I was a delivery driver for Oklahoma Gazette in the mid-'80s 

From 1986 to 1988, northwest Oklahoma City had me to thank for finding an Oklahoma Gazette on area racks "¦ not that it ever did. Yes, before I was managing editor of this very publication, I was one of its delivery drivers!


It was my first paycheck job, and I received it through neighborly nepotism, having lived across the street from Gazette's then-editor, Randy Splaingard (and next door to Jane O'Neal, then a typesetter). I was not quite 16 at the time, but armed with a learner's permit, so for the first couple of weeks, my dad had to ride along. That worked out well, because he taught me a lot about navigating metro streets, and it allowed him more time to criticize me for floating through stop signs.

Back then, Gazettes were delivered on nights, instead of mornings as it is today. Each afternoon prior, immediately following the final bell at Putnam City High School, I would drive to the Gazette's old offices, located in the Maney House, 1200 N. Shartel, and pick up my delivery book.

In those low-tech days, that amounted to a red, three-ring binder, into which sheets for each delivery stop were inserted. Each sheet had a grid of boxes, one per week. Each box was bisected by a diagonal line. In the top triangle, then-circulation manager Debra Coleman wrote the number of papers to be dropped off that time; in the bottom triangle, I would write how many leftover papers I would pick up.

The following day after school, I'd drive my used, white 1967 Volkswagen Beetle to the printer's warehouse, somewhere near N.W. 36th and Santa Fe. Bundled papers were loaded into my VW as tightly as humanly possible, because if I had to come back for a second load, I could kiss an hour goodbye.

Luckily, I could make it in one trip, with rare exception (I'm looking at you, oh, cursed annual "Best of OKC" issue). Ever put thousands of Gazettes in a VW? I have! And let me tell you, it causes the car to swerve as if it were a DUI in progress.

The first stop on my route was the late, great Golden Palace Chinese Restaurant, 5201 N. Shartel, back when I didn't even eat Chinese food. From there, I'd hit a bunch of places on Western Avenue, then head west on N.W. 63rd to take care of Pennsylvania Avenue, followed by May Avenue. Then it was up Northwest Expressway all the way to Rockwell, and back down again.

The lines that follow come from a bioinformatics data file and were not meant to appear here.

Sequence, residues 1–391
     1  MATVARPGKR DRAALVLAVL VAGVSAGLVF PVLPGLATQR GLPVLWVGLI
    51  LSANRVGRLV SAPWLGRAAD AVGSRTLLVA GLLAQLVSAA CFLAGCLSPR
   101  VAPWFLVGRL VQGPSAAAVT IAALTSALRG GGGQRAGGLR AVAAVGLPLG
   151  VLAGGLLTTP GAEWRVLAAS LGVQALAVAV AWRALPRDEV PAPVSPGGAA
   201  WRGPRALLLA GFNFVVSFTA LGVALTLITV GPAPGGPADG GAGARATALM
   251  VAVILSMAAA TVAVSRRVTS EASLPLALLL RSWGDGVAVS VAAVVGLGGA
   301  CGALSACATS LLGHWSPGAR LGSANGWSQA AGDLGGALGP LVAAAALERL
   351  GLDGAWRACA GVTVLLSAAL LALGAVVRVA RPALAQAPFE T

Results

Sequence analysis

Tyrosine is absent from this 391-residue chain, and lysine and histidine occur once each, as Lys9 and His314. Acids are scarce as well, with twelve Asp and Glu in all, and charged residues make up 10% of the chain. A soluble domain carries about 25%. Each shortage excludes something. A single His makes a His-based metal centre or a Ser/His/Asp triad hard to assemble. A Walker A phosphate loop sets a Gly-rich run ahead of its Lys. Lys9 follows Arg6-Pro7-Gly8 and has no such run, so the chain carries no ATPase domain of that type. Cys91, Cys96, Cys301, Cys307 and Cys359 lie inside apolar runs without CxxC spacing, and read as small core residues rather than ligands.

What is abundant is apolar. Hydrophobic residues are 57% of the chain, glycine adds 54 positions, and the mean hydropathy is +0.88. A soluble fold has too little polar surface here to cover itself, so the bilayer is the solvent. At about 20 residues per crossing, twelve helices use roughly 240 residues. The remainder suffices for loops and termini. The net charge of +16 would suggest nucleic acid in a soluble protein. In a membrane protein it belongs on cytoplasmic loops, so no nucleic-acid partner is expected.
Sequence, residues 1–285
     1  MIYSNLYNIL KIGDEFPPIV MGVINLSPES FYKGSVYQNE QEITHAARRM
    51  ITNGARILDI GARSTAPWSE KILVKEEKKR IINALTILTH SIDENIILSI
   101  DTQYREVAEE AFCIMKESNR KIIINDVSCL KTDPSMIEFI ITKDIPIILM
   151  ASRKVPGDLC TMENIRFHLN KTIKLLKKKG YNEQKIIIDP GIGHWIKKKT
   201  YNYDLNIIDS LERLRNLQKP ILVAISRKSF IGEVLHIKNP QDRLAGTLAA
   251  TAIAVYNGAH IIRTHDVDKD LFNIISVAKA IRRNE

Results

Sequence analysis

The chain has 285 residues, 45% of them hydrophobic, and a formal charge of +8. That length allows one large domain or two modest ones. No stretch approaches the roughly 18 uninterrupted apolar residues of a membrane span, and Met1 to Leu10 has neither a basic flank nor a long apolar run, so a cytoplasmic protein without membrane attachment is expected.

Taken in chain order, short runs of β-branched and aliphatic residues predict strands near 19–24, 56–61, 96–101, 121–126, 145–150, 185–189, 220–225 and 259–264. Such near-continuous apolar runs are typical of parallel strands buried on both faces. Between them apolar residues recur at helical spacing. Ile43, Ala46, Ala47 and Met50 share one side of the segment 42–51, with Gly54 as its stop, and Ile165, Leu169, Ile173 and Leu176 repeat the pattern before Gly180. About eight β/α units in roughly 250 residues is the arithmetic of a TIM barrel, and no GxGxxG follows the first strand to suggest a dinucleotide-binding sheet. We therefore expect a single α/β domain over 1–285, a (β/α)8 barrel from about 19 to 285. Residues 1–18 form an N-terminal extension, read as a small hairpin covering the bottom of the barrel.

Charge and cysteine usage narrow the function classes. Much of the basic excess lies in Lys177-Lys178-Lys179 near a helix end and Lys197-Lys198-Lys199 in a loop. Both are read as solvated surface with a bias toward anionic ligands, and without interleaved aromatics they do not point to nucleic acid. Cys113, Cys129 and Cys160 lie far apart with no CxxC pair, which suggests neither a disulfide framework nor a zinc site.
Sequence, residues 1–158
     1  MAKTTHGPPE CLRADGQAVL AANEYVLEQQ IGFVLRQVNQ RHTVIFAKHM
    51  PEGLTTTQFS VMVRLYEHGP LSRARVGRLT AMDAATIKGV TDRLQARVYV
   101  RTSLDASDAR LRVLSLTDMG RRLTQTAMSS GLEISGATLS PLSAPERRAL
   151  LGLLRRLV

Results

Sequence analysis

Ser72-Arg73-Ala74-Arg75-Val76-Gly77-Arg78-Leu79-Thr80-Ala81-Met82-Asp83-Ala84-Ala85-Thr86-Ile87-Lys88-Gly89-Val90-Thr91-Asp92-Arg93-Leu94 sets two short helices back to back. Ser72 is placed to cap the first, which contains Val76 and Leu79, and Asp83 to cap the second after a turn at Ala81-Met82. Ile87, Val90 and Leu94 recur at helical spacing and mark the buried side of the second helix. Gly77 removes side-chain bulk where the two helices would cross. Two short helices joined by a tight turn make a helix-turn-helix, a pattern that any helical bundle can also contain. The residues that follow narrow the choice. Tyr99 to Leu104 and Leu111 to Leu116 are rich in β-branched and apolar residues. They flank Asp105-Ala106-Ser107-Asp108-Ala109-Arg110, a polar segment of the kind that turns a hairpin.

Some stops were easy, and could be done in seconds. I became rather quick with the scissors to remove the plastic binding from the bundles. I learned to count unwanted issues from the previous week just by looking at them.

Other stops were laborious, in which I earned every bit of my minimum wage. I grew to hate going to Baptist Medical Center, because I had to park in a garage far away from the cafeteria, and it required more bundles than I could carry in even a couple of trips.

My final stop was close to my house: Pancho's Liquortown, 6801 N. Meridian. Being underage, I couldn't even step inside. I had to knock on the door and hand the papers to whomever was kind enough to answer.

With dozens upon dozens of stops " 50ish, if I recall correctly " the entire ordeal would take me five to six hours " more in inclement weather, less if I conned a friend into helping. I looked forward to my post-delivery shower, where I could wash the sweat from my brow and the newsprint from my fingertips to forearms. Getting the ink smell out of my car, however, was impossible. This may explain my lack of dates (but only in part, sadly).

The worst week ever was when I was asked to fill in one summer day on the Norman route. At the time, I had never driven around Norman, much less knew which highway exit to take. One consolation: I was allowed to take the Gazette truck, but it was a gas guzzler, and being without cash, an ATM card or the nerve to ask strangers for money, I ran out of fuel halfway home on Interstate 35. With my only quarter, I called Debra for help, and she came to my rescue. (Thanks, Debra!)

I have no idea how the deliveries are done nowadays, nor do I care, because it was tough, thankless work. To this day, I still have stressful dreams about it, in which I suddenly realize that " to my utter horror " I have neglected to deliver papers for the past two decades.

But I'll never forget my delivery days during the Gazette's first decade "¦ even if you won't find it on my résumé. "Rod Lott

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Rod Lott

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